How to Deal with a Rude Child

Kids aren't born with perfect manners and etiquette. Someone has to teach them.

Cheryl Butler
5-minute read
Episode #346

No matter how well-behaved we think our kids are, there will come a time when all those wonderful manners we’ve tried to instill since their toddler days will completely disappear and a rude gremlin will appear instead. Oh, and you can usually count on this happening when you’re in public.

It could be a snarky reply when you ask your daughter to please move her backpack off the kitchen island and into her bedroom: “I can’t do everything, you know. I just got home from practice and now you expect me to be your slave just because you want the island cleared off?” Ouch!  Or it could be one of those precious moments when your family is sitting quietly in church and suddenly your 8-year-old son decides it’s the perfect time to question what he’s smelling. “Oh my God—do you guys smell that? Smells like mothballs. Oh how gross! I think it’s coming from behind us!” Whatever the scenario might be, rude remarks are a part of growing up (and unfortunately, too often a part of our adult world!), so how we handle these situations can really lay the foundation for how our kids will behave as they grow into teens and young adults.

The manners and principles of good etiquette are learned behaviors. That's why Mighty Mommy has some tips to nip that rude behavior in the bud and turn it around.

Tip # 1:  Correct the Rudeness Immediately

Correct your child in the moment. When a rude comment or behavior has just taken place, stop what you’re doing and address it immediately, not when it’s convenient. If you’re cooking dinner and your child lashes out about something he’s not pleased with, calmly turn the stove off, walk over to him, and very matter-of-factly say, “In our family, we don’t speak to each other that way,” or “It’s not OK to talk to me like that.” Make eye contact with him for several seconds and then resume making dinner.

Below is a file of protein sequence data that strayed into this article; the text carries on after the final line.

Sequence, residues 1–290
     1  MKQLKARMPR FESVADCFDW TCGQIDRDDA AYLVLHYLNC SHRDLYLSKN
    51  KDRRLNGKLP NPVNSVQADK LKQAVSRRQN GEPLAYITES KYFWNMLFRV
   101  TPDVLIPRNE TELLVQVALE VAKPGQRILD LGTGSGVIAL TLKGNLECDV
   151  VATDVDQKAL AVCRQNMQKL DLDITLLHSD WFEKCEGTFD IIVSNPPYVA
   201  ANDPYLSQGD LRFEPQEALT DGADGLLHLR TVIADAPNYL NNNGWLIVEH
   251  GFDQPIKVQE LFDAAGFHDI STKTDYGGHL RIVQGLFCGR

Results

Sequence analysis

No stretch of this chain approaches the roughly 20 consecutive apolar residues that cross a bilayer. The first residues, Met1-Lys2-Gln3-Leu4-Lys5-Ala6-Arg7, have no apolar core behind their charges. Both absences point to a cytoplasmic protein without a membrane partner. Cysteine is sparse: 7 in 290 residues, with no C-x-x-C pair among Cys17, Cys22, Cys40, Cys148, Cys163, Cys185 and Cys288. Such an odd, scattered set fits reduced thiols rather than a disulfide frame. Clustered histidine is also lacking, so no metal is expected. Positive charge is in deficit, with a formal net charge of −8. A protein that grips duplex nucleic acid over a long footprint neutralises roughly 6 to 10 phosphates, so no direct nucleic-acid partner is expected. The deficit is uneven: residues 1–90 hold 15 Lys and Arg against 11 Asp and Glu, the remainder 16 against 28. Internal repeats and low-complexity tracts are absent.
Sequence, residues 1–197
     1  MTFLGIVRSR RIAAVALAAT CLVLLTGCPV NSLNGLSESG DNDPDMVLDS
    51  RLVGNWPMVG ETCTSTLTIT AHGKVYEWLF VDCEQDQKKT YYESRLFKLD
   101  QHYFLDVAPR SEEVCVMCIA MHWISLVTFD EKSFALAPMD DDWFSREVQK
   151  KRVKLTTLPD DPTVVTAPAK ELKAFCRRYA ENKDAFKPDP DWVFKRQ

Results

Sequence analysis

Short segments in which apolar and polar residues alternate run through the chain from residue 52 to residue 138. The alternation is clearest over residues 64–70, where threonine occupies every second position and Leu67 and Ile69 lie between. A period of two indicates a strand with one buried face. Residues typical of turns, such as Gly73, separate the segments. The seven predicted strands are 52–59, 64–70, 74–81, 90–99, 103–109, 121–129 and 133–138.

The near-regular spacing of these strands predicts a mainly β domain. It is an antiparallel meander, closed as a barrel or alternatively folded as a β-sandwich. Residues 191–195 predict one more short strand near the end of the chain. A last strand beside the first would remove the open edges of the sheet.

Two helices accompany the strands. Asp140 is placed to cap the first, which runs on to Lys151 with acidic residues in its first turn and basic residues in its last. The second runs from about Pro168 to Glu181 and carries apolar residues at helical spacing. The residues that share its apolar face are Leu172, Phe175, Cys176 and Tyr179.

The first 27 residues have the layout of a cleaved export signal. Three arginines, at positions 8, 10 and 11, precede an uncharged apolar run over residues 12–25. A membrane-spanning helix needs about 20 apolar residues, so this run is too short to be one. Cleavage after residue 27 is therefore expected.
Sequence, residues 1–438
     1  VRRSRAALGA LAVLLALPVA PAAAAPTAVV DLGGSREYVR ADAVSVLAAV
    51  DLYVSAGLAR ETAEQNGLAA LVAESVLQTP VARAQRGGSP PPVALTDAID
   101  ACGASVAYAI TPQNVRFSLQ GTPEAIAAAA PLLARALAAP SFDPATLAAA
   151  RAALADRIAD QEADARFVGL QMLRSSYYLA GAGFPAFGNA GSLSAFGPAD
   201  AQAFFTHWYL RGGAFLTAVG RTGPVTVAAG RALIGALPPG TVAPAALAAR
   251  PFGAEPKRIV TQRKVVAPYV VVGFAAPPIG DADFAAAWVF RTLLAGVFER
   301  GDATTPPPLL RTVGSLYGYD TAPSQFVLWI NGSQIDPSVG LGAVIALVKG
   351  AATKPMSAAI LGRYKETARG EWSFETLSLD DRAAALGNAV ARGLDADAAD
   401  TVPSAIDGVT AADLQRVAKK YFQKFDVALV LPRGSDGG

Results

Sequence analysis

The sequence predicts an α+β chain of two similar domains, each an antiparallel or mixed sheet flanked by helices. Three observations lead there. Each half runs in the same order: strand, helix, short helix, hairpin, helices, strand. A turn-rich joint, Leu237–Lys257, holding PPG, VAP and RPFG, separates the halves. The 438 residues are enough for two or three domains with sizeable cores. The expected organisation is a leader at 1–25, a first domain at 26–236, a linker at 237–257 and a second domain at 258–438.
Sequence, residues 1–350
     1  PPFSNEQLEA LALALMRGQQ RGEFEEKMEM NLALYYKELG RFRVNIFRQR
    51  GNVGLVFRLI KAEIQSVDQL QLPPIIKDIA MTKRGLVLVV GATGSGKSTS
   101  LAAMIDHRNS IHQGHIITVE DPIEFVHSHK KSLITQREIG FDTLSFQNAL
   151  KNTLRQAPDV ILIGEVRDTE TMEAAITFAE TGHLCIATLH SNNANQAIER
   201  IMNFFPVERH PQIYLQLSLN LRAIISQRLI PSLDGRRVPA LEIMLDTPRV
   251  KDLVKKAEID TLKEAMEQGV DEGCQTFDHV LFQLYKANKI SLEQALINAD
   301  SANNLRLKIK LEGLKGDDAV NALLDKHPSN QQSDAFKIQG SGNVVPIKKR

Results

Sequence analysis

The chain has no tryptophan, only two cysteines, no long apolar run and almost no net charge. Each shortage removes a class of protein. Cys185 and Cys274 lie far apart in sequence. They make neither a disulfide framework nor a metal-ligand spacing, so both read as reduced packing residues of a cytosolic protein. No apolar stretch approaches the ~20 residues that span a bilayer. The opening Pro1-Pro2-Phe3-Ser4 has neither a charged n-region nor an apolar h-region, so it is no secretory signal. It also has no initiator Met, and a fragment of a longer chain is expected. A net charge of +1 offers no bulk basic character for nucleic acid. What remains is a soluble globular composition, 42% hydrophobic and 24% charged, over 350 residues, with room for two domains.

Avoid responding in ways that excuse the behavior like, “Honey, I know you don’t really mean that!’ or “Sweetie, you’re just upset.” Such responses diminish the accountability of the child and justify the rude behavior. Instead, challenge his rude comments by saying something like: "If you don’t agree with our rules about curfew, let me know, but please don’t speak to me in that hateful tone.”  See Also:  5 Ways to Speak Positively to Children

Tip #2: React with the "C's"Calm, Consistent, Consquences.

When you’re faced with a situation that is trying and unpleasant, it can help to focus in on how to respond. Years ago I remember reading about reacting with the “C's." In the case of rude behavior, the “C's" I refer to are “Calm,”  “Consistent,” and “Consequences.”

Calm: When one of my kids is pushing my buttons or doing something that I find completely unacceptable, such as behaving rudely (whether it's private or public) I count to 10 (sometimes a lot more!) and talk to myself in the process. “Stay calm and in control,” I tell myself. By taking a few seconds to step away from my child’s poor behavior and get my own feelings in check, I can usually shift from being frustrated and ready to lash out to a reasonable state where I can handle my child’s situation without losing my composure.  When you work to manage your own behavior first, you effectively neutralize the power struggle or the bad behavior. As an added bonus, when you get yourself under control, your kids will also usually follow your lead. Remember, calm is contagious.  See Also:  6 Ways to Become a Calmer Parent


All content here is for informational purposes only. This content does not replace the professional judgment of your own mental health provider. Please consult a licensed mental health professional for all individual questions and issues.

About the Author

Cheryl Butler Project Parenthood

Cheryl L. Butler was the host of the Mighty Mommy podcast for nine years from 2012 to 2021. She is the mother of eight children. Her experiences with infertility, adoption, seven pregnancies, and raising children with developmental delays have helped her become a resource on the joys and challenges of parenting. You can reach her by email.